During Women’s History Month, The College Today will take a look back at the women who led the College of Charleston to become the place it is in 2017. Today, we take a look back at the history of the Women’s and Gender Studies Program.

It was 33 years ago that the College of Charleston decided to offer a course in women’s studies.

It turned out to be a good move.

That course was very popular — so popular that a few years later, the College decided that it was time to expand and offer a minor in women’s studies.

Once again, a good move.

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Student interest in the program grew yearly. By the 2006-07 academic year, more than 1,700 students enrolled in women’s and gender studies courses.

Alison Piepmeier, the first director of the Women’s and Gender Studies Program

That strong student interest convinced the College to establish a bachelor of arts degree in women’s and gender studies in 2008.

“I think that the women’s and gender studies major is popular because it introduces students to topics that are relevant to our daily lives and the world we live in today,” says Cara Delay, the director of Women’s and Gender Studies Program.  “There is also an expanding job market for women’s and gender studies students, and we have good numbers in terms of our graduates getting employment or getting into graduate school.”

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The driving force behind the early popularity of the Women’s and Gender Studies Program was Alison Piepmeier, who moved to Charleston in 2005 and became the program’s director.

A tireless advocate for the inclusion of all students and equality for all, Piepmeier was able to elevate the program and inspire students along with way. She also created the College’s popular Yes! I’m a Feminist event, which celebrates the achievements of students in the Women’s and Gender Studies Program and serves as an important fundraiser each year.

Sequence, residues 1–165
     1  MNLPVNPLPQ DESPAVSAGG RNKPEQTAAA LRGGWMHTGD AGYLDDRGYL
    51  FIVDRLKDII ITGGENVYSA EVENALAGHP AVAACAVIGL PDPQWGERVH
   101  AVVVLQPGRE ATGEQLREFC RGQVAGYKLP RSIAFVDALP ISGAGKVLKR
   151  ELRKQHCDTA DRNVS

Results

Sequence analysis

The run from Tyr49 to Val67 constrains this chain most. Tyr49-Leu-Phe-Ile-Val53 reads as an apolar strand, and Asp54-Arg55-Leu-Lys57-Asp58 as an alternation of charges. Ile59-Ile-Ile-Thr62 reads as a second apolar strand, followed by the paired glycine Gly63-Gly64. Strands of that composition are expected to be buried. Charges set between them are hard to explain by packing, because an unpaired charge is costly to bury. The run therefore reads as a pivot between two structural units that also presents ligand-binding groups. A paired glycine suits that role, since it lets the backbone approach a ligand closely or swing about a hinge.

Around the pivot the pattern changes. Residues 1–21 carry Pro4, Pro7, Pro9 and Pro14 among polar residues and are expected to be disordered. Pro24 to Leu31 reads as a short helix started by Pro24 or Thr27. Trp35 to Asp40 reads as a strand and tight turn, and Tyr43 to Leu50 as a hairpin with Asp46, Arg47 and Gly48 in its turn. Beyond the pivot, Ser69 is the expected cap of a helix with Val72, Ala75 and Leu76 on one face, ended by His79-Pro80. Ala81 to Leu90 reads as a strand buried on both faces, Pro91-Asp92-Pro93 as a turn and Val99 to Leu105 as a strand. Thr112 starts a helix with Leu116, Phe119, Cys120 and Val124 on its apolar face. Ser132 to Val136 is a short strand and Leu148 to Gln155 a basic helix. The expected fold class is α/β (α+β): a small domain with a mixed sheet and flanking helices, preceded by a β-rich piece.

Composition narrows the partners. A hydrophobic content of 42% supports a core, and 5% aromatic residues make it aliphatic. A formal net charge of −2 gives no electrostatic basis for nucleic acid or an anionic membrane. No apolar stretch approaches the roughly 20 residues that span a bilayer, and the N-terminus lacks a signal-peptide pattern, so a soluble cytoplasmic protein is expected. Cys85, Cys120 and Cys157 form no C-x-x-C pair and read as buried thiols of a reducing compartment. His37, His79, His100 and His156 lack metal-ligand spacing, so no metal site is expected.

Hundreds of students, faculty and community members gather each year for Yes, I’m a Feminist!

She passed away last year after leading the program for nearly a decade. A scholarship was created in her honor; senior Leigh Friar was its first recipient in February.

“We feel Alison’s impact every day,” says Delay. “The major and curriculum were her creations, and we still have many students who were inspired to become women’s and gender studies majors or minors because of her. She is responsible, too, for creating close relationships between students and faculty, and our program is still known for this.”

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The program continues to flourish. Delay says the the current political and cultural climates have only made the Women’s and Gender Studies Program more relevant.

“Since the (presidential) election, we have seen an increased interest by both students and faculty in women’s and gender studies and a new recognition that in a world in which it is essential to study identities and intersections — race, gender and sexuality — women’s and gender studies is the place to be.”

Featured photo by Reese Moore.